China finds itself in a particularly tricky starting position. Not only is the decline in Chinese consumption relative to GDP the longest on record, it’s also unique in that both the relevant drivers of consumption’s share of GDP have fallen—household income as a share of GDP, and the proportion of that income that householders choose to spend rather that save. Those countries that successfully managed to reverse a decline in consumption’s share of GDP only had one of these factors to tackle.

To be clear, consumer spending will continue to grow as the economy grow, whether or not the government takes measures to boost consumption. Modest growth in consumer spending of just 5% a year would see it rise by a total of 330 trillion yuan over the course of the next decade — the equivalent of 60%, even if consumption’s share of GDP doesn’t budget.

On the other hand, if China manages to change course and follow the route taken by most countries transitioning away from investment and export-led growth, consumer spending could be worth as much as 420 trillion yuan by 2025, a rise of 126%. This would lead to represent a rise in consumption to 46% of GDP, a proportion typical after a transition in countries in which consumption’s share of GDP rises after a period of decline.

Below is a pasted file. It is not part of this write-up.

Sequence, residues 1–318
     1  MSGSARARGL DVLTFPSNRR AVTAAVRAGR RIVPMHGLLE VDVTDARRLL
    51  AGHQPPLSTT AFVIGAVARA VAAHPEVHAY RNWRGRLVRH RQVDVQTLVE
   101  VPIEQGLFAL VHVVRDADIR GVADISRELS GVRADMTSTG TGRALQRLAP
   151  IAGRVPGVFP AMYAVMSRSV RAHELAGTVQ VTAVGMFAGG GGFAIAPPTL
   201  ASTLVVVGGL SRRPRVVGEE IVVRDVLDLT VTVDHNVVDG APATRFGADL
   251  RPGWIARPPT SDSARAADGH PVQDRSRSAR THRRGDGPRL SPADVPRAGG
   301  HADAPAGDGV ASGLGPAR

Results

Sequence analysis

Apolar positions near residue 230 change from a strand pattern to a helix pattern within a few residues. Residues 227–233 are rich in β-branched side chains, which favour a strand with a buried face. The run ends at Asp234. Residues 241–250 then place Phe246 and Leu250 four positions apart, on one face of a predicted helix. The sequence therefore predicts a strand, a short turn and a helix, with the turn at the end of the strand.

China’s economic transition, away from manufacturing and exports, began three years ago. Such a seismic shift isn’t easy for any economy, let alone the world’s second biggest economy. But, if Nielsen forecasts are to correct, it could take 10 years for China to fully rebalance its economy. Which suggests lower growth will mire China’s economy for a very long time.

For the local share market, it could mean another decade of turmoil and market instability. If you squint hard enough, you can just about make out a 6,000 point ASX on the horizon.

Mat Spasic,

Junior Analyst, Markets and Money

PS: Both Chinese and Aussie markets have made a horror start to the New Year. Looking ahead to the rest of 2016, they’re not likely to get any respite. Markets and Money’s Vern Gowdie believes we’re heading towards a much larger crash.

Vern is the award-winning Founder of the Gowdie Letter and Gowdie Family Wealth advisory services. He’s ranked as one of Australia’s Top 50 financial planners.

Vern wants to help you avoid this coming wealth destruction. His special report, ‘Five Fatal Stocks You Must Sell Now’, will show you how. In it, Vern shows you which five blue chip Aussie companies could destroy your portfolio…you almost certainly own one of them. To find out how to download the report, click here.

Markets and Money offers an independent and critical perspective on the Australian and global investment markets. Slightly offbeat and far from institutional, Markets and Money delivers you straight-forward, humorous, and useful investment insights from a world wide network of analysts, contrarians, and successful investors.